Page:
"Nothing has changed, Piloo's writings hold relevance after over 40 years," agrees his wife Vina, now 94, visiting from Geneva, Nebraska. We are in the penthouse apartment of her nephew Jimmy, Kali's son, at The Cliff, a Carmichael Road mansion built by Austrian-Jewish jeweller Victor Rosenthal, overhanging handsome homes by Claude Batley and George Wittet.

This block of flats for senior staff of the Tata Iron and Steel Company, at Marine Lines, was the first assignment the Mody and Colgan firm bagged in 1953-54
This block of flats for senior staff of the Tata Iron and Steel Company, at Marine Lines, was the first assignment the Mody and Colgan firm bagged in 1953-54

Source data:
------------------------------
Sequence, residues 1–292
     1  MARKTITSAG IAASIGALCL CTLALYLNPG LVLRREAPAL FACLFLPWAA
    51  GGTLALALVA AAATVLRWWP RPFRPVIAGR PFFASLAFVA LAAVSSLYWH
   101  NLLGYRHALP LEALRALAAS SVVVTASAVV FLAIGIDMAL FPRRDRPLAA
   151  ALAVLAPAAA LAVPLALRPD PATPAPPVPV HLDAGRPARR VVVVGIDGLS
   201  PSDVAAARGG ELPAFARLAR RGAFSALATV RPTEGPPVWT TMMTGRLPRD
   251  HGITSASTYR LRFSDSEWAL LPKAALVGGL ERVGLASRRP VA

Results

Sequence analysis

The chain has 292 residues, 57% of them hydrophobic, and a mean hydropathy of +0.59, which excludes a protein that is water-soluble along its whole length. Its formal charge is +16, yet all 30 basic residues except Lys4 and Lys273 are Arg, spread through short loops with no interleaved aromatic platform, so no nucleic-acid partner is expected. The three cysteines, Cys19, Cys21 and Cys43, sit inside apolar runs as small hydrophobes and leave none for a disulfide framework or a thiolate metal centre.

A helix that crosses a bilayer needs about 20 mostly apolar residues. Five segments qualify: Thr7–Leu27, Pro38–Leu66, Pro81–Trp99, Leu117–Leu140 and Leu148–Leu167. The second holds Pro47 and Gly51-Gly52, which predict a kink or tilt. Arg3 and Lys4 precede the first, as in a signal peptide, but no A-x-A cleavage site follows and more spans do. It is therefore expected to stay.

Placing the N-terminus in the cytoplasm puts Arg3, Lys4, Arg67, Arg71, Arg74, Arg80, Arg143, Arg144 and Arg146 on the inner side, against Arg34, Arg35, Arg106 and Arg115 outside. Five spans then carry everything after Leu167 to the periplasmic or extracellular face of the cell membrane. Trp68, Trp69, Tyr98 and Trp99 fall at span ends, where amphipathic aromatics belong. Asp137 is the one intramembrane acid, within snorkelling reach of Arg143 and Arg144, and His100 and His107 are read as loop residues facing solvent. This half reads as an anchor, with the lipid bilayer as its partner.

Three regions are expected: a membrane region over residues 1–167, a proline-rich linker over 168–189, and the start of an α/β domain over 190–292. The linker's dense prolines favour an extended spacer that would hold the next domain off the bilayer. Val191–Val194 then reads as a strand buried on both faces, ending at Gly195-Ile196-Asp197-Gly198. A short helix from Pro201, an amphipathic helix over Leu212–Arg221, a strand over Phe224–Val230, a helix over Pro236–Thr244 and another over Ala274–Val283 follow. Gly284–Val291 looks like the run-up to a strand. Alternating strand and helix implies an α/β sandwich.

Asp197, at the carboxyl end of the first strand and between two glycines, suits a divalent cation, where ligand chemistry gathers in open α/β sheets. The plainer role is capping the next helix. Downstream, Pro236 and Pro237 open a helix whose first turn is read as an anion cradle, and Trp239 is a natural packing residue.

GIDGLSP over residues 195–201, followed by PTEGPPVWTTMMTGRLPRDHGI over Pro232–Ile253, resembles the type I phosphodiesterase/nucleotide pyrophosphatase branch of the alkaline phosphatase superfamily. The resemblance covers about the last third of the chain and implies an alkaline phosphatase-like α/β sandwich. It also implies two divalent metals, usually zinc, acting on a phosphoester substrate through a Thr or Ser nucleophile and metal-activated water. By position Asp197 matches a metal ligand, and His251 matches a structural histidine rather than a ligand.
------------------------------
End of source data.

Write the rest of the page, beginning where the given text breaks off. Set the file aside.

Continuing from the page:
Piloo Mody and Lavina (Vina) Colgan were students at Berkeley. Studios in the architecture department were lined with long tables to accommodate drawings. "There was a vacant space beside Piloo, where I parked myself," Vina smiles.

Returning to India, Piloo inimitably describes two years spent on the Chandigarh Capital Project: "Apparently France has produced in the same generation Le grand Charles de Gaulle and Le grand Charles Corbusier… I allowed him to work without disturbance, while I relaxed on an easy chair. This prompted him to name me L'homme Horizontal."

Piloo Mody's design for the Chennai headquarters of Engineering Construction Corporation, a former subsidiary of L&T, is India’s sole winner of the Federation Internationale de la Precontrainte prize for excellence in pre-stressed concrete. Pic courtesy/Shirish Patel & Associates